Parasites may be the problem when weight gain is poor

Even seemingly healthy cattle might do better after deworming

This season has really turned around in Western Canada in terms of moisture.

This has seen the pastures shoot up, humidity run up and should lead to optimal survival of internal parasite larvae. If turnout to pasture occurred at normal times, maximum picking up of larvae has or is occurring so internal levels will be at about their highest.

Every time we check our pastures I know we are on the lookout in case there are sick cattle, hurt bulls, and so on. The signs of higher levels of parasites will often be quite subtle. Clinical signs include coughing and slight diarrhea (if lungworms is the issue) or weight loss.

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Keep in mind that those which are most infected are the tip of the iceberg. Rates and degree of infection are such that many are asymptomatic but could still be affected by decreased weight gain.

Of course, initially slight decreases in weight are hard to see but the gaunt, dry haircoat and standing out in a negative way from their cohorts is another clue.

If you are suspicious parasites are increasing, and gains don’t appear to be what they should be, checking into the problem may provide the answers. This year with the flush of grass (and if minerals are being looked after), the growth of cattle should be good. If it isn’t, have your veterinarian check into and rule out internal parasites. Many animals may even have levels whereby they look quite healthy but removing the parasites will have them perform even better once dewormed.

To test the cattle, fresh manure samples are collected and chilled till taken into the veterinary clinic. Fresh means not dried at all and we need a golf ball-sized sample and several from the herd. Older calves and yearling will have the highest levels followed by bulls and cows. Use a zip-lock bag inverted over itself to grasp a small sample.

I have always wondered if the bulls after breeding season that get run down may be good ones to test when they are pulled after breeding. Also keep in mind that each pasture may have different levels of contamination of larvae from the year before.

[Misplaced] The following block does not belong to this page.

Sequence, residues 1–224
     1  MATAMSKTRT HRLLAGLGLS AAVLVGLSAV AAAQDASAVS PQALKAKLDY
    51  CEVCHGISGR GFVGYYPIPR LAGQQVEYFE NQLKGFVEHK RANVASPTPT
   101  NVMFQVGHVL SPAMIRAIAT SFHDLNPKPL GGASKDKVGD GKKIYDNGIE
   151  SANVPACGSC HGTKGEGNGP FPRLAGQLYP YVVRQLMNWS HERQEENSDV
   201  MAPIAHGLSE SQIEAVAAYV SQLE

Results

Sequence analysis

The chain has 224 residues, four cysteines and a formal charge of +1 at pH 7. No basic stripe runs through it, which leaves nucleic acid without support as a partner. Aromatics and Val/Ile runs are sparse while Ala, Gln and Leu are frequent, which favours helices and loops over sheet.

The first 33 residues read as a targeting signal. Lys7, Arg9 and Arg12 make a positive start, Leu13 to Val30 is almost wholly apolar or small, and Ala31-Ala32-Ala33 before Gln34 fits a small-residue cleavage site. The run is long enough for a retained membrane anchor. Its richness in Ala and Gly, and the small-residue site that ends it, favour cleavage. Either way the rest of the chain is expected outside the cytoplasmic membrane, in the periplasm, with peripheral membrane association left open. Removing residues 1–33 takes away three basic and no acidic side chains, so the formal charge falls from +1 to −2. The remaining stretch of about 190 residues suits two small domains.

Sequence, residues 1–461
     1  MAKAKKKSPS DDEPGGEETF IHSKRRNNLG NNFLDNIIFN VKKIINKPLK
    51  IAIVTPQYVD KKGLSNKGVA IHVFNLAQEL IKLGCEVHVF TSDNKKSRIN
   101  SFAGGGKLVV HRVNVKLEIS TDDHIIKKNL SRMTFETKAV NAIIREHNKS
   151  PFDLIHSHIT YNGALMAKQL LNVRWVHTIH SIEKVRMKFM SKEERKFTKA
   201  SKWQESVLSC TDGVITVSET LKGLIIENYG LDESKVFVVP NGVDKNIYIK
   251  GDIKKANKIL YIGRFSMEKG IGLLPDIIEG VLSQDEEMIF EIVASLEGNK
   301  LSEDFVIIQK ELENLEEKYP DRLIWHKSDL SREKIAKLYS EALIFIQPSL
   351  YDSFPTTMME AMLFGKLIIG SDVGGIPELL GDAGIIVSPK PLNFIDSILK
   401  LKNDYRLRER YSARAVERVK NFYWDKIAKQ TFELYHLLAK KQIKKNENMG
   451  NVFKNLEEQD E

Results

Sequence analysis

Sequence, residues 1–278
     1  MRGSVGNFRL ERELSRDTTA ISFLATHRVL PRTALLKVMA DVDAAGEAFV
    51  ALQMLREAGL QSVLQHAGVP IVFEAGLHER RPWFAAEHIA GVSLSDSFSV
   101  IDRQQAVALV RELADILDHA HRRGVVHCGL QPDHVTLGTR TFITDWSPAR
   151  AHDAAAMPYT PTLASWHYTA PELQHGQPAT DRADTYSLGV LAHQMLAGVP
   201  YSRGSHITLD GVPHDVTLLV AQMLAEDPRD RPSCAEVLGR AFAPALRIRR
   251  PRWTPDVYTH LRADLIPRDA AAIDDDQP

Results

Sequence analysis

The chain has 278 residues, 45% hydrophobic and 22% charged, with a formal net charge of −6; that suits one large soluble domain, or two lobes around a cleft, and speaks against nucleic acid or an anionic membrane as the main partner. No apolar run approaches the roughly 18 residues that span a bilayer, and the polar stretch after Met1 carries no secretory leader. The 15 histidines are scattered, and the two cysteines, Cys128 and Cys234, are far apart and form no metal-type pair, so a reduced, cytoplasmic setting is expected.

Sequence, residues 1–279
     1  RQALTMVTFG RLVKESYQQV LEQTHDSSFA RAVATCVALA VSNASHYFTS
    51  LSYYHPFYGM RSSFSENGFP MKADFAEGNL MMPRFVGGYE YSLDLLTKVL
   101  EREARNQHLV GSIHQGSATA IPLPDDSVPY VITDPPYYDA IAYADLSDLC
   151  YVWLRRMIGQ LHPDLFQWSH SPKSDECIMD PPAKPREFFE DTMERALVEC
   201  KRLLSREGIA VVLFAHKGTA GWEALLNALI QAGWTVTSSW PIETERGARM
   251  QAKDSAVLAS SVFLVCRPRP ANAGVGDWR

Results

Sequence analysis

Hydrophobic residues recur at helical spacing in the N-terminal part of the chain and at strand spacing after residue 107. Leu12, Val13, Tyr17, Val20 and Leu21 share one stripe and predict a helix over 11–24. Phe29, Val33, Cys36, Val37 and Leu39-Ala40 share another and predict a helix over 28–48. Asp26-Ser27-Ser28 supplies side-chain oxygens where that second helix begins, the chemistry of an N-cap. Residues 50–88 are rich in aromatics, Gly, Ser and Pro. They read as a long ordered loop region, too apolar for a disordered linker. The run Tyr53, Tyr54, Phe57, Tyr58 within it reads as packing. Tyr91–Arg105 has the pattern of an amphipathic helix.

Your veterinarian will want several samples, but talk to him or her about their protocols for testing. Many of the mixed and large-animal clinics across the West do their own lab tests on counting worm eggs.

A moderate or high count tells us deworming would be of benefit. It also tells us the pasture will have high loads for a few years, so a midsummer deworming will be of benefit. It is called strategic deworming — which is deworming at the appropriate time to benefit both the cattle and help reduce the pasture contamination.

For midsummer deworming, there are several non-handling formulations on the market or others if cattle are going to be processed midsummer. We always need a reason to process but there are many good ones, from treatment for flies to booster shots for calves (or pre-weaning). Pregnancy checking can also be done.

The main products for deworming are the benzimidazoles (such as Safeguard), which is given orally. The first is an oral application with a hook feeder if cattle are run through. It could be with the crumbles or a premix form mixed in the feed. Your veterinarian would have to write a prescription for Safeguard mixed in a mineral mix or another form of fenbendazole which is water soluble. The macrocytic lactone products such as Ivermectin or Eprinomectin need to be poured on or injected. Keep in mind these products are only about 50 per cent effective on internal parasites.

Watch your herd closely for the potential of internal parasites and get them checked if necessary. Some pasture areas or herds may have higher levels than others, so it is not a one-size-fits-all scenario.

Once levels are established, you know the contamination level of the pasture and it will take several years to get the parasite burden down. Make sure your veterinarian is aware of the changing issues regarding internal parasites in Canada. The resistance thing with internal parasites is not new and has been building for over a decade.

About the author

Contributor

Roy Lewis practised large-animal veterinary medicine for more than 30 years and now works part time as a technical services veterinarian for Merck Animal Health.

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